2) Do you think, e.g., Major League Baseball should eliminate divisions and/or allocate playoff spots differently? The current MLB structure does not reward the “best teams”, but rather the best team in each division plus the remaining best team. Is your anti-division sentiment limited just to college football, or does it extend across all sports?

    Go Blue!

    • BL, you’ll find my answer to the first question in my next post on this topic. As far as your second question, I don’t really follow any sports outside of college football and some soccer (in soccer, everything is a tournament/league play where every game matters), but I don’t see why my anti-division sentiment wouldn’t apply to MLB. However, again, that’s a professional sport. The goal of professional sports is to maximize revenue, not find out who the best team is, so it’s a bit different.

  6. Interesting take, but what about the Big 10 this year? Michigan State would be in the title game with their 7-1 conference record. But who would they play if there were no divisions– Michigan or Wisconsin? There is no precedent for a tiebreaker for this since in case of a two-team tiebreaker, the head to head matchup decides who plays in the Championship Game (since they will invariably have played in the regular season.) For shits and giggles let’s say Michigan wins this arbitrary tiebreaker and the eventual Big 10 winning Badgers go onto a BCS at large as Michigan did this year and an improved Michigan squad not playing in a trash tornado makes the Rose Bowl. I’m not sure of the meaning of this, but something like what you propose would sometimes victimize a team like Wisconsin that lost a very strange game (MSU and Ohio for that matter). Your system would have worked particularly well in the Pac-12 this year with USC’s postseason ban.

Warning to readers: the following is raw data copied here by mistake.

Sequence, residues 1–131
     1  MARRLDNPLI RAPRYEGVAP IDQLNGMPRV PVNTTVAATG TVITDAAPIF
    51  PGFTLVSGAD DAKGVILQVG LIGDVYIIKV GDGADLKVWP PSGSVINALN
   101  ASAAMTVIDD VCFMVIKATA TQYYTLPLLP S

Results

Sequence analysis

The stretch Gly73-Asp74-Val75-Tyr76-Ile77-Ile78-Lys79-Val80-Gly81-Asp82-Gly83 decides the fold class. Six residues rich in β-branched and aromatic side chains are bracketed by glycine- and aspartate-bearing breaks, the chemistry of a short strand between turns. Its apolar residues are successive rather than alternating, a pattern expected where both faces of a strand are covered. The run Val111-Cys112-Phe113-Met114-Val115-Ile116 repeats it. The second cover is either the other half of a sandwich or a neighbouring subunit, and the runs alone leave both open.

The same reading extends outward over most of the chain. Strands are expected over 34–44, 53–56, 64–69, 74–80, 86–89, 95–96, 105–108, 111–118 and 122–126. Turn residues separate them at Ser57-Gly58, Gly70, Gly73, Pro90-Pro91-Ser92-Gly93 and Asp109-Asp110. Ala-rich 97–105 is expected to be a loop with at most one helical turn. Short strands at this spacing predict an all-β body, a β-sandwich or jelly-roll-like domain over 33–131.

• The only way to overcome that problem is to have every team play every other team in their conference. However, conferences have now gotten too big for that to happen. In order for that you would have to play either no non-conference games, or play 15-16 regular season games. The divisions create somewhat sub-conferences, with the championship game being almost a bowl game. Is it completely fair? No. But it’s what we have for now. I can’t see a different, viable option that keeps the championship game, removes conference divsions, and doesn’t have to make the teams all play each other.